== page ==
and a double barrel gun, with Minnie ball or a good rifle; to pledge ourselves to serve during the war wherever the President may choose to place us; to serve without pay.
The main object of this organization is to avenge the dean of Gen. Roberts Garnett, of Virginia, and Col Charles F. Fisher, of North Carolina.
Those who wish to form such a regiment, will signify their assent by writing to men the above post-office and when we have 500 men we will report ourselves for duty, and go ote, or in any capacity the regiment may direct.
When our number reaches 500 we will request the President to appoint a Colonel of his own selection, and muster us into service at Richmond.
I will advertise the time of meeting there as soon as I receive the names of 500 men-- Each company will choose its own Captain and subordinate officers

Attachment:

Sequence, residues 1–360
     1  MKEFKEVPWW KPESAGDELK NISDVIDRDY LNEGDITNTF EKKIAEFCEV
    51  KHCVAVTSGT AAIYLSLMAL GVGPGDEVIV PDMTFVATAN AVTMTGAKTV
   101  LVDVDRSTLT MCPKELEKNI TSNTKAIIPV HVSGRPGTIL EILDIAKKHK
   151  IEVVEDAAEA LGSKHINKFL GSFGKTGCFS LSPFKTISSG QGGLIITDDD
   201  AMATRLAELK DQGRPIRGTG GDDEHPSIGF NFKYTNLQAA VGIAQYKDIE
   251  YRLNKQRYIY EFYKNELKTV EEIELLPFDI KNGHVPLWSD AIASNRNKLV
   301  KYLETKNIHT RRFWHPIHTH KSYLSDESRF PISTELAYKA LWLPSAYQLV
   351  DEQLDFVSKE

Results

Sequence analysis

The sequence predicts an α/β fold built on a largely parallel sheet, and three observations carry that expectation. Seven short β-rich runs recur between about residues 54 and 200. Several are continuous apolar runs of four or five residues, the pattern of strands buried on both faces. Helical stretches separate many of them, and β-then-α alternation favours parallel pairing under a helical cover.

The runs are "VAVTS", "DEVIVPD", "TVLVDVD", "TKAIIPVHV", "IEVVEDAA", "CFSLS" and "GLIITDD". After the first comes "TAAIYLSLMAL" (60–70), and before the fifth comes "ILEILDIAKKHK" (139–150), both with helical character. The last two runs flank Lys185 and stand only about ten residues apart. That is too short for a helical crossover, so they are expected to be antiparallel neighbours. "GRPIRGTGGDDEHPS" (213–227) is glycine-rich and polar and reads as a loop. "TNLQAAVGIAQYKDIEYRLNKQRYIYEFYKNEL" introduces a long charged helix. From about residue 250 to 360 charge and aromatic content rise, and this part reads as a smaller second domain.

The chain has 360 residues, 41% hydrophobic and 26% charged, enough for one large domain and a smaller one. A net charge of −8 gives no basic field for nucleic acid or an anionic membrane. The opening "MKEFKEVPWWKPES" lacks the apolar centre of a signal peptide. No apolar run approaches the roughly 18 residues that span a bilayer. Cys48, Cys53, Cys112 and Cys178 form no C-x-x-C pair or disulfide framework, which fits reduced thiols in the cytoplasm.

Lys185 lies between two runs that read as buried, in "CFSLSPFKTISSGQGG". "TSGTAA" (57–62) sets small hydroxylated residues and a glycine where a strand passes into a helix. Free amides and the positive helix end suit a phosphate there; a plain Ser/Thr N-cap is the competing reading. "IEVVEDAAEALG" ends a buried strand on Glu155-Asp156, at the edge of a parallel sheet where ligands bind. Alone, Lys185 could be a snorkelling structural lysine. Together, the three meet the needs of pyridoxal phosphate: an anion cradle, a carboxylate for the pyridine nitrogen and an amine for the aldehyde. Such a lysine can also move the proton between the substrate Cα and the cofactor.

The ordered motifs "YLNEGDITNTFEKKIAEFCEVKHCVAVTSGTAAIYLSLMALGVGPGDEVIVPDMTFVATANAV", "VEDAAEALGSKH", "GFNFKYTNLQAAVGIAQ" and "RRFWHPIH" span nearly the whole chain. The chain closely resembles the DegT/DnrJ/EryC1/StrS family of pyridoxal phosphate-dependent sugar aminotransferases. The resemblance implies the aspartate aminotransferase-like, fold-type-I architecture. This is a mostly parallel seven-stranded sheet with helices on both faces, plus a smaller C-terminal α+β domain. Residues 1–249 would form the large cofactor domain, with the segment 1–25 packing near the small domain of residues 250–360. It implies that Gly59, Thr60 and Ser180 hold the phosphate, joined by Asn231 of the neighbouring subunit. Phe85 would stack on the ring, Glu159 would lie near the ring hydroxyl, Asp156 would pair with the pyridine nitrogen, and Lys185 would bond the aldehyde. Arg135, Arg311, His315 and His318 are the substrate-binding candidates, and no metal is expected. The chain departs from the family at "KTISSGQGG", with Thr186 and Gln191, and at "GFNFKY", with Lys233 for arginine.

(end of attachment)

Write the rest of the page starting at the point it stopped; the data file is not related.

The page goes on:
Theodore S Garnett
The newspapers in Virginia and North Carolina will doubtless publish the above without charge, twice a week for three weeks.
t in the field before the enemy, or placed in camps of instruction for thorough training and organization.
The remaining two hundred and ten thousand might be allowed to be organized at home, drilled weekly, and be held as minute men, to answer the call of the country when their services should be required.
Nothing is more certain than that the operations of our Generals have everywhere been crippled by the great inferiority of forces they have had to oppose to the enemy.
The disaster of Garnett was due to this cause alone.--It was the simple want of troops that produced his unfortunate discomfiture.
There is no sufficient reason why this disparity of force should always attend our military operations.
The war might have been ended on the day after the great battle of Manassas, if our Generals had not been so limited in force as to render an advance no better than an act of criminal and puerile temerity.
The army should be promptly increased to a strength which would relieve our